Probably made on site, Carl Krafft’s diminutive study captures a winter vista of snow-covered ground sloping toward a skating pond fringed with trees. The composition features the distinct diagonal recession often seen in Krafft’s mature landscape work: here, the eye is drawn from the cluster of four nearby figures at the lower left to the sledders to their right and beyond them toward distant bands of skaters on the pond. Touches of bright red, blue, and green in the figures’ winter garb highlight a palette otherwise confined to white and varying shades of dull brown. Krafft applied quick strokes of paint on a smooth panel surface; the white ground is clearly visible through the brush marks, particularly in the thinly painted background. Viewed close-up the painting is almost abstract in its reductive presentation of figures, sleds, trees, and other features of the scene.
This sketch is said to be a study for At Forest Spring, but no work of this title has been attributed to Krafft and no locale of that name is known. The artist may have made the sketch without translating it directly into a larger work. It is closely related to two undated sledding scenes that likely depict settings in Palos Hills, southwest of Chicago, where the artist painted year-round as early as 1921. In the mid-1920s and early 1930s he used somewhat gestural brushwork that lends his landscapes a graphic energy. Krafft’s wintertime scenes “have carved for themselves a niche in our memories from which they cannot be dislodged,” in the view of Chicago Tribune critic Eleanor Jewett.i Snow scenes dominated his 1932 solo exhibition at the H. Lieber Company galleries in Indianapolis. The show included two small canvases noted by a local reviewer for their “subtle beauty of color tone and a certain charm of handling which are lacking in most of the larger canvases,”ii a description that could apply to this sketch as well. Exemplifying Krafft’s joyful response to winter, it demonstrates his confident command of both composition and brushwork.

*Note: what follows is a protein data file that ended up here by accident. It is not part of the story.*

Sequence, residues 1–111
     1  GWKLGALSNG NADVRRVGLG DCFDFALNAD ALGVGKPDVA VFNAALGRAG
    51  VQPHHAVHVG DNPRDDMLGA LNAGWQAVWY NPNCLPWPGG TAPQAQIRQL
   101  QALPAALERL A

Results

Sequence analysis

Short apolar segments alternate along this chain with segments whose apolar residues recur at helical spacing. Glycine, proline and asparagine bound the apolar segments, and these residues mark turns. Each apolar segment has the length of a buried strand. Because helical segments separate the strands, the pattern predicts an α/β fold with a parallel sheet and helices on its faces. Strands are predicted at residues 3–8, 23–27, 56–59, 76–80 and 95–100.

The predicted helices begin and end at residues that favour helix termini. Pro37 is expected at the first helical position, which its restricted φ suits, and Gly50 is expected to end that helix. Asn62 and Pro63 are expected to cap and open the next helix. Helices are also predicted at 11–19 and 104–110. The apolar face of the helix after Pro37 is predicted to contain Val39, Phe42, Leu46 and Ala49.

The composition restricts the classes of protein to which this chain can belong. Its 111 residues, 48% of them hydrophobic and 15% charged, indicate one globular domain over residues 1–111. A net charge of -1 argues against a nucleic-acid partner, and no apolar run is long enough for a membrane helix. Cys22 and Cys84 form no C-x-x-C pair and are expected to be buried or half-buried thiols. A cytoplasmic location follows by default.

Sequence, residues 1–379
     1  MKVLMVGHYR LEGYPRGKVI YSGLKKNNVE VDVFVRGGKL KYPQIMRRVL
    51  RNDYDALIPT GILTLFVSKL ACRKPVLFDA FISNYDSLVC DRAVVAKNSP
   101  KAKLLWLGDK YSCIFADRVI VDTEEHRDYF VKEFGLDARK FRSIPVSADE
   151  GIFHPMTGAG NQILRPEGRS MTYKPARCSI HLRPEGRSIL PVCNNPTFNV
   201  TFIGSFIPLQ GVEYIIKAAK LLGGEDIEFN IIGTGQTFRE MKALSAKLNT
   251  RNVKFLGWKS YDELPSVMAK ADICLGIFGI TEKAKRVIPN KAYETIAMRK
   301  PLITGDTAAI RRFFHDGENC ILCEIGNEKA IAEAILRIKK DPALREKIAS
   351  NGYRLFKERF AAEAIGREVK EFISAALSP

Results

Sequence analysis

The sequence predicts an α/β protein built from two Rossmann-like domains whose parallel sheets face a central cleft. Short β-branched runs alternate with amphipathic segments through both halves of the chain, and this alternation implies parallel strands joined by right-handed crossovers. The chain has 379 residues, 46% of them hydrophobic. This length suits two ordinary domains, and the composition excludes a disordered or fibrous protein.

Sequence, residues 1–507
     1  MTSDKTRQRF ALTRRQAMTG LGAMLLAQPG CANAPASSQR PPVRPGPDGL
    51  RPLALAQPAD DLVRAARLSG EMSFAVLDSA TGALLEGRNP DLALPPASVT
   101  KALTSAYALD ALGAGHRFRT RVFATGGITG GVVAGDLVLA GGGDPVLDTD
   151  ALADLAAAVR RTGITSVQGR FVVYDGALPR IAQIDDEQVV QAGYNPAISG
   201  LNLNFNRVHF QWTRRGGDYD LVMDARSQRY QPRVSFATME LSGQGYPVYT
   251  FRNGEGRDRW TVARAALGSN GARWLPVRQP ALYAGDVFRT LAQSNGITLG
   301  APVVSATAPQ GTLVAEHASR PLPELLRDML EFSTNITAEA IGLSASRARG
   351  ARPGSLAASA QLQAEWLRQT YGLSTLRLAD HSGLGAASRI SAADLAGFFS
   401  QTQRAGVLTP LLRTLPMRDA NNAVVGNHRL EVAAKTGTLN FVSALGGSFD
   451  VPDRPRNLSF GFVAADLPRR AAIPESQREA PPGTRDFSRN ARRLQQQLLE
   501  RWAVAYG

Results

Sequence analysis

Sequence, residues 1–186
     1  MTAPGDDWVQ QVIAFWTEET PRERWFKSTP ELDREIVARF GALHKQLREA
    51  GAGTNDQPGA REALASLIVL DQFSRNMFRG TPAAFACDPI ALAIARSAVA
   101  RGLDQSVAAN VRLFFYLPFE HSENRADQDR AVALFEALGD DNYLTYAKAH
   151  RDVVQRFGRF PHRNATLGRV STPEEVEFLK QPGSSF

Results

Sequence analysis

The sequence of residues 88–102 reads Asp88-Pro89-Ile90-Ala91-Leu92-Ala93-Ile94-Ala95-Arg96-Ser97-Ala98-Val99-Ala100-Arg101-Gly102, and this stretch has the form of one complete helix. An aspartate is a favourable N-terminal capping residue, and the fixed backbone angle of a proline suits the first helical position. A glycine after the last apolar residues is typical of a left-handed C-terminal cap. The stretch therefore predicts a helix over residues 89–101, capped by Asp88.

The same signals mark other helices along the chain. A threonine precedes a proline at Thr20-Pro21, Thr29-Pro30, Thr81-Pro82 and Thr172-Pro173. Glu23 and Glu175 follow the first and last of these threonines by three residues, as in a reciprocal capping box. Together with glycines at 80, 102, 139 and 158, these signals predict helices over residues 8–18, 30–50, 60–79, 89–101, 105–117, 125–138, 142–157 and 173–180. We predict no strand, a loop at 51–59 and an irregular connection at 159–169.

Bundled up against the cold in functional winter-weather gear, the figures in Krafft’s sledding pictures are representative of the working-class residents of the industrial towns along the Sanitary and Ship Canal linking Chicago with the Mississippi River. The artist turned his attention to such prosaic subjects and scenes around 1920, when he began painting along the Mississippi River near Galena, Illinois. His sledding images focus on recreation rather than work, however, and may have been inspired in part by George Bellows’s acclaimed skating scene Love of Winter (1914), acquired in 1914 for the Art Institute of Chicago by the patrons’ group Friends of American Art.
Wendy Greenhouse, PhD
i Eleanor Jewett, “Portraits of Winter among the Pictures at Chicago Galleries,” Chicago Tribune, Jan. 31, 1929.
ii Lucille E. Morehouse, “Carl Krafft Oils at Lieber’s Form Fine Landscape Display,” Indianapolis Star, Sept. 25, 1932.